24 Hour Osso Buco | Recipeish | Gustus Vitae

24 Hour Osso Buco | Recipeish | Gustus Vitae

  • Yield: 2 generous plates
  • Time Estimate: 25 hours, including 24 unattended.
  • Storage Notes: Best if enjoyed immediately, will keep for a couple days in the fridge.
  • Difficulty: Easy.

Osso Buco is one of those rare treats that you stumble upon very rarely, yet always at just the perfect time: something you see on the specials list at a small Italian restaurant on a cold winter's night, that fills and warms you completely like only osso buco can do.

We decided to make our own luck and try our hand at home, and man, we are so glad we did. It's pretty straightforward to prep, and all the ingredients are accessible and super cheap - this is the ultimate paisano meal: an inexpensive cut of meat rendered deliciously decadent, cheap rough-hewn corn turned pillowy and decadent. Keep this meal for a cold winter weekend - we promise it's worth every minute.

Ingredients

  • 2 large veal or pork shanks. You'll probably have to ask your butcher for these - these are cheap cuts that not a lot of people buy, but you'll make your butcher's day by asking for them.
  • 1 lb mushrooms
  • 3-4 large bell peppers, or 10 small ones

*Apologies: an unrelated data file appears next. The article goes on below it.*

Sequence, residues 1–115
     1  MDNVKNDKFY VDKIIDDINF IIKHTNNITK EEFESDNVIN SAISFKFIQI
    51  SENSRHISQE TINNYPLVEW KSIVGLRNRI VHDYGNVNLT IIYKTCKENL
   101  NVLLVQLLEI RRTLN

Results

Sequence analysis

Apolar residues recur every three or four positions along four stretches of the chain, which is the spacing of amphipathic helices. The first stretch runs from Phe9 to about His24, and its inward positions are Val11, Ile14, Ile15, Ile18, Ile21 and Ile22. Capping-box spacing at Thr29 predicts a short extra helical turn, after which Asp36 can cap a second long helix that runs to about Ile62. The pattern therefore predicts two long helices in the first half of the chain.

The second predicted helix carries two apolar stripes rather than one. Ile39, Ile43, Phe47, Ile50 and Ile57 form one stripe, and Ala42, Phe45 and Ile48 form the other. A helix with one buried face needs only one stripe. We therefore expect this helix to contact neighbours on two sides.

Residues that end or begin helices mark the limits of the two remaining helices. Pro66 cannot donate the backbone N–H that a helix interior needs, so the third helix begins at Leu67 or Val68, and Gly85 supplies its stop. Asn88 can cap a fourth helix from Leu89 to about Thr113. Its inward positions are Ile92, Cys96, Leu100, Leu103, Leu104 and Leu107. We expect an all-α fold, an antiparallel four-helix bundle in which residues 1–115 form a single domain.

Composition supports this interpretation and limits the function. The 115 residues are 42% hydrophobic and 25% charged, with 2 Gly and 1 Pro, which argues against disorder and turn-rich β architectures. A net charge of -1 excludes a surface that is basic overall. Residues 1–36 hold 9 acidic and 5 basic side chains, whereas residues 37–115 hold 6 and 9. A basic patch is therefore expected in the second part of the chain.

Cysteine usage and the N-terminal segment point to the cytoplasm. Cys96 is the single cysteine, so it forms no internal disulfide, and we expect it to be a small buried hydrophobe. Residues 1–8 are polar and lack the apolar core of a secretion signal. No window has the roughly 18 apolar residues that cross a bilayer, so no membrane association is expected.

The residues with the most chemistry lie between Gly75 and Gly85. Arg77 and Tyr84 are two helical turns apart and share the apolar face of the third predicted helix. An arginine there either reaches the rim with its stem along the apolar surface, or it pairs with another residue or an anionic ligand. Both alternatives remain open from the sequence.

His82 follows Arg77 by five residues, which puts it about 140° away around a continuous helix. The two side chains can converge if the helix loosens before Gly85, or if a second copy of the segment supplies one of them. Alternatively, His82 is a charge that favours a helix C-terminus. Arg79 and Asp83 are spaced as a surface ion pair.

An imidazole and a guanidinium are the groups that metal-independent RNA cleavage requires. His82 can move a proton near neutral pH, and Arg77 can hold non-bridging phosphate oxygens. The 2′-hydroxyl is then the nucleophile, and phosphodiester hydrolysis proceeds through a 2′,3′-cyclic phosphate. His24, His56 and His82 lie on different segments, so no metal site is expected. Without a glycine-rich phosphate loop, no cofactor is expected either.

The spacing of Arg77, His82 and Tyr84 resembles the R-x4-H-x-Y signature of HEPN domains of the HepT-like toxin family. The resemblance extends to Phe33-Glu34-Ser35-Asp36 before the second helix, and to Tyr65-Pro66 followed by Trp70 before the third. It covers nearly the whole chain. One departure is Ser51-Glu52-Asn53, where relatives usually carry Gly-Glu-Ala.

• 1 1/2 large white onions
  • 5-6 large carrots
  • 5 cloves garlic
  • 1 1/2 cup red wine
  • 1 full tin Italian Black Winter Truffle Sea Salt
  • 1 tbs California Sea Salt
  • 1 cup polenta
  • 1 stick butter
  • 4 tbs extra virgin olive oil
  • some plain flour for dusting
  • Some basil and thyme to garnish, and a bit of extra virgin olive oil to finish
Directions
  • Pat dry shanks. Coat completely with Truffle Salt - it will seem like to much, but trust us, it's not.
  • Bring up a cast iron pan to high, and add in 1/2 of the butter. Sprinkle and pat flour on shanks, and add to pan. Cook each of the main sides around 1:00, just for a bit of color, and roll along the sides to sear. Reserve.
  • Peel carrots and onion, rinse and deseed bell peppers, rinse and pat dry mushrooms.
  • Dice these all into small bits - around 1cm each. Rough chop garlic, and combine all in a large bowl.
  • Working in batches, cook vegetable/fungi mixture, reducing and browning. All together, this should take around 15 minutes.
  • Prep a sous vide bath to 175F.
  • Wait for shanks and veggie mixture to cool slightly (around 5 minutes is fine), and bag and vacuum seal in separate bags.
  • This is going to take 24 hours, so make this the night before you want to enjoy. Due to the combination of higher temp and time, unless you have a cap for your sous vide you'll loose a lot of the water - if you don't have a cap, just make a note to refill it ever 8 hours or so.
  • That night, in a large pot, combine 1 cup polenta with 5 cups distilled water, cover, and reserve. You don't have to soak your polenta overnight, but it does cut down your cook time to about half - around 30 minutes.
  • Great! It's 24 hours later!
  • Heat up the polenta to medium high while stirring regularly to avoid it sticking and burning on the bottom. At about the 25 minute mark, it should start holding well together. Drop in the half-stick of butter, and combine.
  • Evenly ladle out polenta. Pop open each bag, and, it couldn't be simpler, simply pour all of that goodness on top of each plate.
  • Garnish with a bit of basil, some thyme, and a little drizzle of good olive oil.
  • Yummmmmmmm

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